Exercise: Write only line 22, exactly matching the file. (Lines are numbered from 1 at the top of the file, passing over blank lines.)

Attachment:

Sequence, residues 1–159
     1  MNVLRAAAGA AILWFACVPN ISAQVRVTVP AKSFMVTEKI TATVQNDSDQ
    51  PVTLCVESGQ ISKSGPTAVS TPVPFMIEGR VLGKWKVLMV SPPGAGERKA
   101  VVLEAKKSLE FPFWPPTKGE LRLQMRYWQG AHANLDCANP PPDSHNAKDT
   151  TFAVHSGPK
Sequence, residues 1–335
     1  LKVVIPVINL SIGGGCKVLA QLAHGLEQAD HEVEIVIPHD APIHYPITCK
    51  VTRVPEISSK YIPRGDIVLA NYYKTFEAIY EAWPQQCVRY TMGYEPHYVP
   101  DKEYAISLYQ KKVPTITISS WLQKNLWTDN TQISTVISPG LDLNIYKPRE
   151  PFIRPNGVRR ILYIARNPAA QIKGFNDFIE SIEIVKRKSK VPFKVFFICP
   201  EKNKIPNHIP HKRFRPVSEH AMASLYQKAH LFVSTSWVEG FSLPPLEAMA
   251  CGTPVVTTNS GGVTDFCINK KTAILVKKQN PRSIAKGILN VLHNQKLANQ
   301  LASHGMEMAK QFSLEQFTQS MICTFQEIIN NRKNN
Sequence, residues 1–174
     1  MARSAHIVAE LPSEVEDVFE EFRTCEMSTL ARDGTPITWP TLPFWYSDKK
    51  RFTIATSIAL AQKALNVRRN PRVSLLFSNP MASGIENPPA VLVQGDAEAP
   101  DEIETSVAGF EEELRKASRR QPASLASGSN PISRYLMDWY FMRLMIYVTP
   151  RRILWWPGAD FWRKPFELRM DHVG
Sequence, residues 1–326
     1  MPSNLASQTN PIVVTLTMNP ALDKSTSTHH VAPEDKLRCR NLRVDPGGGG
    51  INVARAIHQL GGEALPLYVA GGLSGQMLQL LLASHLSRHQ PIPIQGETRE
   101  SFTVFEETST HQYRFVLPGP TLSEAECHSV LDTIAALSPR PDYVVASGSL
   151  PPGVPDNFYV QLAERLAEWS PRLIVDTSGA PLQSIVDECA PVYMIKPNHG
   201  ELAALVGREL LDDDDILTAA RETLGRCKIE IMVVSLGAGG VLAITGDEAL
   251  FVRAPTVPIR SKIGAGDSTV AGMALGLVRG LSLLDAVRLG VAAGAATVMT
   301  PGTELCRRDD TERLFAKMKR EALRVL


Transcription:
   101  SFTVFEETST HQYRFVLPGP TLSEAECHSV LDTIAALSPR PDYVVASGSL